System jitter is in fact a real thing, and it could conceivably manifest in a purely software system with nondeterministic inputs. But I can’t see how it could possibly affect SQ.
Perhaps the problem is that, while Paul MacGowan knows what he is talking about, his listeners sometimes don’t. What he’s talking about is selling more equipment to gullible consumers. If his listeners mistakenly think he’s talking about what he says he’s talking about, which isn’t really what he’s talking about, misunderstandings can develop.
I rather suspect that’s a made up term. But I wholly grant that due to the way cpus “multitask” that if your endpoint is doing a lot of extra work then it could lead to playback issues if it is resource constrained.
Luckily Roons server/client architecture makes this a non issue, as all the work is done on the core and the client does next to nothing.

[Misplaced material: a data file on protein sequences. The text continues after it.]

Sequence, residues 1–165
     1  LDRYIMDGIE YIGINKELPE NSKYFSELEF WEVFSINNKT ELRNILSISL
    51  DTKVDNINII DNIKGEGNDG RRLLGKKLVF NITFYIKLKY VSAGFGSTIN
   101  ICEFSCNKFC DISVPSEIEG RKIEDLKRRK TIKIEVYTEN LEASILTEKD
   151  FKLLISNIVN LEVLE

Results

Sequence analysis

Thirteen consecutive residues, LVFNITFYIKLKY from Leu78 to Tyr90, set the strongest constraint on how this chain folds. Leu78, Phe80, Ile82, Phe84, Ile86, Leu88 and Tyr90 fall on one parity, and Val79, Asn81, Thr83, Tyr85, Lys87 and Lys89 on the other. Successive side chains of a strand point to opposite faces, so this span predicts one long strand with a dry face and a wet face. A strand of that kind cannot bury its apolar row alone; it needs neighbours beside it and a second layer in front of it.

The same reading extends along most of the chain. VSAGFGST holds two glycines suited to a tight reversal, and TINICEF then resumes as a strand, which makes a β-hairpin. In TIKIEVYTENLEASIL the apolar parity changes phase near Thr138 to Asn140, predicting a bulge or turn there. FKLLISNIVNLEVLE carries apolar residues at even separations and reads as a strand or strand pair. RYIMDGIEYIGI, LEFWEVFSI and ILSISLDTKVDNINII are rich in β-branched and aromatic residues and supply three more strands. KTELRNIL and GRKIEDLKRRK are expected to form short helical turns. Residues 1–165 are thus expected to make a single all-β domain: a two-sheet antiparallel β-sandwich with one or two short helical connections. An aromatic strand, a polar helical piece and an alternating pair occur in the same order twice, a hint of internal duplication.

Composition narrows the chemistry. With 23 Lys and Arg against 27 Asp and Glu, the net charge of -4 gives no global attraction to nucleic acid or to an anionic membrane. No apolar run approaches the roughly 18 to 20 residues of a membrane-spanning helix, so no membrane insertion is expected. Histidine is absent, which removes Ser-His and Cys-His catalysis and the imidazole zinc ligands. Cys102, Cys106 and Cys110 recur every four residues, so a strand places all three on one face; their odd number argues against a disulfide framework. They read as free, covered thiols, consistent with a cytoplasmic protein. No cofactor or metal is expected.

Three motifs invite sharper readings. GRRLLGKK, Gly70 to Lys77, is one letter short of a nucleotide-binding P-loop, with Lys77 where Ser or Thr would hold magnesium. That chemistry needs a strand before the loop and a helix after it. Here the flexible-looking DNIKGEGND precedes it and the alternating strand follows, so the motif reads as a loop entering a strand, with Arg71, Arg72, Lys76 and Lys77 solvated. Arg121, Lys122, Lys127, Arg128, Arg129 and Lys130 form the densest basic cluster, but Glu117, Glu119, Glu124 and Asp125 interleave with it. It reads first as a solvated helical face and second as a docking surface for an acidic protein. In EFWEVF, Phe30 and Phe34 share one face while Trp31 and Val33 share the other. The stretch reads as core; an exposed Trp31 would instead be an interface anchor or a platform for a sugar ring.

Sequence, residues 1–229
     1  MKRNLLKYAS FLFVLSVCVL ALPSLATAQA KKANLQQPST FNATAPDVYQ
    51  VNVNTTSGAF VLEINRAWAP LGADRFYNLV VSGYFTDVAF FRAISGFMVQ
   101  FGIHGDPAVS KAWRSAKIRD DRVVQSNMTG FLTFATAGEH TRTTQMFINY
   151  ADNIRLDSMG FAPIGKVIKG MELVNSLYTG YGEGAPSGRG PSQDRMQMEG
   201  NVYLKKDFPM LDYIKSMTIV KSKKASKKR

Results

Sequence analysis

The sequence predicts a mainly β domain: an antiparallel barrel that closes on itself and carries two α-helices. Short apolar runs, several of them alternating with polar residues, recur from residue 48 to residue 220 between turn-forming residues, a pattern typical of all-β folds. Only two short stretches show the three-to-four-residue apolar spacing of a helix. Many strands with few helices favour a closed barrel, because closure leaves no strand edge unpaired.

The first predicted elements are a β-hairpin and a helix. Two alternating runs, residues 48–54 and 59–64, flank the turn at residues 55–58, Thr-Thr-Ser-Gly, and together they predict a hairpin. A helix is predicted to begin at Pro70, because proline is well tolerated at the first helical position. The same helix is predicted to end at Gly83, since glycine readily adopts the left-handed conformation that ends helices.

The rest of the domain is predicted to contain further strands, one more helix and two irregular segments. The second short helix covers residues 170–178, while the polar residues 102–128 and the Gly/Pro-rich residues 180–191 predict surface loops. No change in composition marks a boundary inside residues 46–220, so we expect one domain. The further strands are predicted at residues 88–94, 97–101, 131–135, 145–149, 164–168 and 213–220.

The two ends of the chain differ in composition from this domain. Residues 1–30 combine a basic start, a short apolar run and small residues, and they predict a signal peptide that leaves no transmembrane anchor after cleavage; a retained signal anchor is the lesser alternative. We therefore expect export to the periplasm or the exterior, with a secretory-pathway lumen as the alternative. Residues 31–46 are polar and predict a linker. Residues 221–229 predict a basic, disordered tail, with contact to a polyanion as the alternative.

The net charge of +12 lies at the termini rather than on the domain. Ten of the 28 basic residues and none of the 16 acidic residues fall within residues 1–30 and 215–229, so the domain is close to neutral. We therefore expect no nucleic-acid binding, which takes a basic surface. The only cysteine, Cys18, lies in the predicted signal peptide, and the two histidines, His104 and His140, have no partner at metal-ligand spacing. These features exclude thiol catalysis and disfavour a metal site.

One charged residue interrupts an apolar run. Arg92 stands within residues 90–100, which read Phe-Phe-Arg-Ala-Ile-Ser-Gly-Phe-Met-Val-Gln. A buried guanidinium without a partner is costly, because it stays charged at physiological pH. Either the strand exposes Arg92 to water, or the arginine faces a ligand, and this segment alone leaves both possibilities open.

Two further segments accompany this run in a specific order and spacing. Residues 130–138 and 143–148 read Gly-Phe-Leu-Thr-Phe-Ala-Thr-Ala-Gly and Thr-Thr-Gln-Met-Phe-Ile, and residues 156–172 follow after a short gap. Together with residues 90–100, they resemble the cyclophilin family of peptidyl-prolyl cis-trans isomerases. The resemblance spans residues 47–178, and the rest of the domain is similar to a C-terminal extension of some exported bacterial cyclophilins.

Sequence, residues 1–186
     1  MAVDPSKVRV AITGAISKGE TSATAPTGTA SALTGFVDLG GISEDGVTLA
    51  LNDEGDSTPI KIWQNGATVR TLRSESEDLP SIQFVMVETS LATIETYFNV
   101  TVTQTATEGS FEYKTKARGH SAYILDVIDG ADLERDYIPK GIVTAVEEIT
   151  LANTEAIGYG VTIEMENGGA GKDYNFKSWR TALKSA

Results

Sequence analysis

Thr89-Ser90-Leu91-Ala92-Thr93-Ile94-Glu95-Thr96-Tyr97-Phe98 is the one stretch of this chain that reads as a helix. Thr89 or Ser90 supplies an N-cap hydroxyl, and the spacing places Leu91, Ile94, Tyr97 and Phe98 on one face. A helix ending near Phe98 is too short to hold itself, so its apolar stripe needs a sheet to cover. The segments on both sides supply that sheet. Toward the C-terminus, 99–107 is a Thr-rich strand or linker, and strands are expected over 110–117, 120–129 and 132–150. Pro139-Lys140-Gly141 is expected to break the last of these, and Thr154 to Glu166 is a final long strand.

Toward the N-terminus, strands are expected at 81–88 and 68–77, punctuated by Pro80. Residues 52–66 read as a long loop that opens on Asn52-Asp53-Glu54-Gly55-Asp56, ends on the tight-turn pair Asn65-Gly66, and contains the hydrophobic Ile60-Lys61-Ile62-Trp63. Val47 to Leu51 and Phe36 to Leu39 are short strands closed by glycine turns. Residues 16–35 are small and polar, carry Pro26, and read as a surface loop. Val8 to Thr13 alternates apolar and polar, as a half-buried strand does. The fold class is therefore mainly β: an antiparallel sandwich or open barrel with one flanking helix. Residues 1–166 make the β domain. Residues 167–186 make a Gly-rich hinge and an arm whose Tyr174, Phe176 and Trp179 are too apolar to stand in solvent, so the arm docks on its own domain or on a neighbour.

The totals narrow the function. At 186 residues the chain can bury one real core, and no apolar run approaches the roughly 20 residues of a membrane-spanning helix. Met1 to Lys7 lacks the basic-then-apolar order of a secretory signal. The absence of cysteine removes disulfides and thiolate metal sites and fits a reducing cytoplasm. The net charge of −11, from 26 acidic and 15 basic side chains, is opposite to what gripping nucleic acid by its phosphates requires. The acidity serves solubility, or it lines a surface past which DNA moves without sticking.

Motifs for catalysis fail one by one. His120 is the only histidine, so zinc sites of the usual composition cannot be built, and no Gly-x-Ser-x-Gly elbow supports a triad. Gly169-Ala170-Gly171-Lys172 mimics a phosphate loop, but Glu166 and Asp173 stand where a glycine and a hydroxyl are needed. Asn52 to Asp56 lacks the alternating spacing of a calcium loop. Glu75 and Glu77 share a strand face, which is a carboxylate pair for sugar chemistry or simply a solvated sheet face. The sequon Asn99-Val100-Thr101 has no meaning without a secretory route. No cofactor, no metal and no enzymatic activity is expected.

Cool… I should have made clear that I tried Roon and Squeeze Server on the same Antipodes box – it runs several different players. I made the comparison several times over a number of weeks, and was, in fact, biased toward wanting Roon to sound better. I had been using it for a couple of years, and obviously nothing compares to its UI.
I would like to see an option to reverse absolute phase. Since we already have DSP, maybe this would not be difficult to include. On many recordings this makes a significant difference. I am able to do this with my PS Audio DAC (built in) but not on my PC. I am sure there are many with DACs which do not have phase inversion as an option and might appreciate this being implemented in Roon. Since my first CD player many years ago that had it (Audio Alchemy) , I learned to appreciate it and would not buy a digital source, CD player or DAC that did not provide it.
Do a search on here. There’s a way to set DSP to invert phase. Once it’s set up you can save the settings and use it anytime you want.
I didn’t make up the term. I can’t take credit for it.
It has nothing to do with bit perfect playback. Ones are 1s and Zeros are 0s for sure.
Many get hung up on that for good reason.
I few years ago it was relatively to discern that one was playing a Flac file vs AIF vs WAV etc. The reason I’ve been told, is because the Flac file had to be opened or unwrapped. Those are not my terms either. One could hear this on good systems. Again not a bit perfect problem. Both played 1s and Os perfectly. And if you never compared the formats you’d never know the difference.